The coming of the new millennium meant a new day at Team Penske. He had cleaned house. Gone were the existing drivers, and in came promising drivers Gil de Ferran and Greg Moore. When Moore was fatally injured in the 1999 season finale at Fontana, in stepped Helio Castroneves. This was also the same time when Tim Cindric was hired away from Team Rahal.

Personnel changes were not the only changes at Marlboro Team Penske. Penske shelved his own chassis program and ultimately shut down Penske Cars in Poole a couple of years later. He went with the much more successful Reynard chassis that had won each CART championship since 1995. He left his own Ilmor engine program for the far-superior Honda Power-plant that had just won the previous four championships. His long-time relationship with Goodyear didn’t matter, when Firestone was bringing a much better tire to the race track each week.

CART allowed more chassis development than the current administration. The Reynard chassis was tweaked and massaged by Penske Cars, with some fairly visible and distinctive changes. The Penske Reynards were so different from the stock Reynard, that they were dubbed The Renske (shown in the photos above).

What were the results of these wholesale changes at Marlboro Team Penske? Two immediate CART championships in 2000 and 2001 – the last two seasons that Marlboro Team Penske raced in CART.

Over those two seasons, Gil de Ferran won four times and earned eleven podiums on his way to winning those two championships. Helio Castroneves won six races in CART over those two seasons, as well as the Indianapolis 500 in the IRL, but only had two podiums in those same seasons as the younger driver was plagued by inconsistency compared to his more experienced Brazilian countryman and teammate.

What impressed me most about the contrast between those dark days at Penske in the late nineties, to those two championship years in 2000 and 2001, was Roger Penske’s commitment to winning. He set his own ego aside by admitting the chassis that carried his name was not getting the job done. He did not worry about his personal investment in Ilmor, when he chose to go with Honda. He would let the chips fall where they may with Goodyear, as he risked turmoil in the boardroom for success on the track with Firestone.

All team owners say that winning is their number one goal. Words are cheap and often carry little weight. In the 1999 offseason, Roger Penske put those words into action.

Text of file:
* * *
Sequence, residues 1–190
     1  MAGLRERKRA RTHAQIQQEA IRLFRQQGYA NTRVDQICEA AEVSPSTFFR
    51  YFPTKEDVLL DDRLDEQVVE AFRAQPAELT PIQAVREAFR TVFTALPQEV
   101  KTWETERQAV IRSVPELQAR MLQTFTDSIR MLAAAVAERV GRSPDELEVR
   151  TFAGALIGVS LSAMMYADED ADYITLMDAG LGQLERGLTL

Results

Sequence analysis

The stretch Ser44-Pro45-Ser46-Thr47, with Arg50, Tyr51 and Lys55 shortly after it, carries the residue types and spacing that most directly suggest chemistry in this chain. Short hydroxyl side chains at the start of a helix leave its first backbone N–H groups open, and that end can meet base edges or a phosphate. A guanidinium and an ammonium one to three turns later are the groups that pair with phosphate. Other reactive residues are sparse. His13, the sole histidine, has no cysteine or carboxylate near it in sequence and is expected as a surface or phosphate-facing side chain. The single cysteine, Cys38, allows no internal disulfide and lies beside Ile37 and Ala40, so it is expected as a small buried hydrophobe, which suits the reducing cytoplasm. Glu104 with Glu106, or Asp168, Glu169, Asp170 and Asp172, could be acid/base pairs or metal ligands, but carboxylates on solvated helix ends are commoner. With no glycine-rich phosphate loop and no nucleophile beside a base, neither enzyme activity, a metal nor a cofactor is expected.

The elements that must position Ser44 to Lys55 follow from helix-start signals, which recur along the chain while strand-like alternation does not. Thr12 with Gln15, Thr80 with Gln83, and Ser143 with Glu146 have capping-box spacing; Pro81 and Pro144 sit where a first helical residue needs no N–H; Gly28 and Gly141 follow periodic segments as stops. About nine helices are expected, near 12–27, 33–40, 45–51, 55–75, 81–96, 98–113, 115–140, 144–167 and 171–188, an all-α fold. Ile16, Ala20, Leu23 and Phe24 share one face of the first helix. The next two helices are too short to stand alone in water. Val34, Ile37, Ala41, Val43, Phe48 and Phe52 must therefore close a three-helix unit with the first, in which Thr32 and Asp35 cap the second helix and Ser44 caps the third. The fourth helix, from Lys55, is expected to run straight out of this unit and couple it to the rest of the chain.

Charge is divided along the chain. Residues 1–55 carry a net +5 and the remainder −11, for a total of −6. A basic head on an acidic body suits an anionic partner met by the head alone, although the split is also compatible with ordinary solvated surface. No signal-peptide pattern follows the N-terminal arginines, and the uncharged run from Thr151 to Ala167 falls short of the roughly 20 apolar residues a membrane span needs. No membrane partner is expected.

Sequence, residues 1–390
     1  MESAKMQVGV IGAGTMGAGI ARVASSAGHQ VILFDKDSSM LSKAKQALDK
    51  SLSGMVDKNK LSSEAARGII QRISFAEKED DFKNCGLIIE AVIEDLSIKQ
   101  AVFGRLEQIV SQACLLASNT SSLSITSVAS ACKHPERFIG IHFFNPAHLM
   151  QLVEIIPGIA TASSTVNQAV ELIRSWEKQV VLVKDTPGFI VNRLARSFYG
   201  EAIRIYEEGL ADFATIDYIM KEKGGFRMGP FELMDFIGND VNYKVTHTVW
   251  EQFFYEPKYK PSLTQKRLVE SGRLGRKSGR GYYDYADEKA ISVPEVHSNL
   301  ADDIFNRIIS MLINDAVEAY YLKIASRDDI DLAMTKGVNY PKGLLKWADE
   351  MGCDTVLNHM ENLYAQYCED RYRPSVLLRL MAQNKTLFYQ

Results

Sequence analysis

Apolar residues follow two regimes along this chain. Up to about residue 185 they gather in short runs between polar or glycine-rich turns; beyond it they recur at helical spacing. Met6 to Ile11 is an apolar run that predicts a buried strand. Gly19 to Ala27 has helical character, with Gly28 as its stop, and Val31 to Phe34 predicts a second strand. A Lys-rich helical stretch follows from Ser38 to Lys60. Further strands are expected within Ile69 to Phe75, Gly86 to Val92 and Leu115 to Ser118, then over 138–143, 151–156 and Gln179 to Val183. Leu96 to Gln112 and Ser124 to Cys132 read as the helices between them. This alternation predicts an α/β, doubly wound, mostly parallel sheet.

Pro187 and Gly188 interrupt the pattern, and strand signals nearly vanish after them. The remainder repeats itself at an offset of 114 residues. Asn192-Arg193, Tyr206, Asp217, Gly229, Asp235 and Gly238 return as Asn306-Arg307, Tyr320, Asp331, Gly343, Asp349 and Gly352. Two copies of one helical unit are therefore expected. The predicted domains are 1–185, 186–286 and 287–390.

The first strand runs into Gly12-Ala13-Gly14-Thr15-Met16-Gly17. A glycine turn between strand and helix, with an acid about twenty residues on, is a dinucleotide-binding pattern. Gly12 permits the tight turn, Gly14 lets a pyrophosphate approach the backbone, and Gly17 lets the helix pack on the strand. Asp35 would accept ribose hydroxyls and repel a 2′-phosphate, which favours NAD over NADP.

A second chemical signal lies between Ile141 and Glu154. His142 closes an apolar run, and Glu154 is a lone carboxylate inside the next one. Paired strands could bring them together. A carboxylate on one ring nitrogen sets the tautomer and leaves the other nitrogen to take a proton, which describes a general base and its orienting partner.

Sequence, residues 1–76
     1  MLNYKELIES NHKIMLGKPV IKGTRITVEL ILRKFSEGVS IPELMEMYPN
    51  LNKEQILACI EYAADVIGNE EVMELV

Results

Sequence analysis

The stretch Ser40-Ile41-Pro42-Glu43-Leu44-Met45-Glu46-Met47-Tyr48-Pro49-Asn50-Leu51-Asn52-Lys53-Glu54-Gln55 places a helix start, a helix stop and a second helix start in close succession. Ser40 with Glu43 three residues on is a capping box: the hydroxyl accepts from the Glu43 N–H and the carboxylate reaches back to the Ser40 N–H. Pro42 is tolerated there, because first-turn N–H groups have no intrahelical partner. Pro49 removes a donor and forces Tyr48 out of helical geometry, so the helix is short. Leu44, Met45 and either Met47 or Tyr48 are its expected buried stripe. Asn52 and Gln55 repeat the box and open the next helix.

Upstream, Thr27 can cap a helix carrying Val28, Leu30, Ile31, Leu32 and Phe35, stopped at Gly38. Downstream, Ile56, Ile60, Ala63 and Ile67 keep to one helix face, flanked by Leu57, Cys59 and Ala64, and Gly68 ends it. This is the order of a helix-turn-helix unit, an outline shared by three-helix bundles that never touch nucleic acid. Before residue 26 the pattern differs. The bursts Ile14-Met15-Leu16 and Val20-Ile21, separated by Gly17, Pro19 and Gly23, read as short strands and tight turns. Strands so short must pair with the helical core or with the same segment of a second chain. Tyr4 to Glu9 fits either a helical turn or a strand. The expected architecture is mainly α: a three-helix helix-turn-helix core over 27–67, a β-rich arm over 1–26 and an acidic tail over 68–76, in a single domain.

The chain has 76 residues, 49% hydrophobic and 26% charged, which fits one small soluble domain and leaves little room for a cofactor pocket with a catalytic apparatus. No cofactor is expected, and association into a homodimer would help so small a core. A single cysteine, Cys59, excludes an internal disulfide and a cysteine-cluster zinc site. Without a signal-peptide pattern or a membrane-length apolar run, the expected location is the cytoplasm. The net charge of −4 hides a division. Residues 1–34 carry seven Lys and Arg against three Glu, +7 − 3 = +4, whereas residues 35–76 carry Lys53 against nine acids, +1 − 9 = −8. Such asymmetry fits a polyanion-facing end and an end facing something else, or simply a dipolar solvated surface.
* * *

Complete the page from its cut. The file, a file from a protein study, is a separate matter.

I’ve never hidden the fact that I am a fan of Team Penske, and I have always admired how Roger Penske conducts his business. I don’t agree with everything he has done, especially with some of the moves he has made as owner of the series and The Speedway. I am also well aware that Roger Penske has as many detractors as he has admirers, but I think when you look at the steps Roger Penske took heading into the 2000 season – most would agree that those were some bold moves that paid off handsomely.

George Phillips

2 Responses to “Putting Words Into Actions”

  1. billytheskink Says:

    Count me among those who liked the look of the PC-27, especially in superspeedway trim. Al Unser Jr. has a high opinion of it, I have read, believing it was dragged down by Mercedes and Goodyear (and his own struggles of the time) rather than an issue with the chassis itself. You can see it’s influence pretty clearly on the “Renske” sidepods, especially in the wheel ramp and the placement of the rear view mirrors on top of the sidepods. While I don’t doubt that the car displayed is the one Castroneves won with at Detroit in 2000, it should be noted that many of these “Renske” elements were not present on the car when he won that race, appearing later in the season.

  2. Shyam Cherupalla Says:

    This is why I dont understand why another chassis manufacturer woud not be allowed to compete now. I dont understand what the difference between how chassis competition was allowed then to why it needs to be one spec chassis only now. I am sure there were some set of specifications these chassis had to be built for, why not have that type of requirement now and allow new chassis manufacturers to enter Indycar. Indy500 became famous because of the fact that the specs were so open that people brought new chassis and new concepts to try out. It will never pique interests of so many people with the current specs the way it did up to 90s and before the inception of IRL. If IRL at its inception could introduce two chassis manufacturers I dont see why they cant allow multiple chassis makers to compete